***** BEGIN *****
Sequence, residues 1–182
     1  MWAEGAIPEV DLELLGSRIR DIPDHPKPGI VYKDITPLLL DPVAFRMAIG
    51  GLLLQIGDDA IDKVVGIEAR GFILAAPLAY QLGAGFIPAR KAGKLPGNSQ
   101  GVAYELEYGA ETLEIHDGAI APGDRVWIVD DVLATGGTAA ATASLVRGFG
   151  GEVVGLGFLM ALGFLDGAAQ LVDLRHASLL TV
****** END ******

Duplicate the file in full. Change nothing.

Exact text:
Sequence, residues 1–182
     1  MWAEGAIPEV DLELLGSRIR DIPDHPKPGI VYKDITPLLL DPVAFRMAIG
    51  GLLLQIGDDA IDKVVGIEAR GFILAAPLAY QLGAGFIPAR KAGKLPGNSQ
   101  GVAYELEYGA ETLEIHDGAI APGDRVWIVD DVLATGGTAA ATASLVRGFG
   151  GEVVGLGFLM ALGFLDGAAQ LVDLRHASLL TV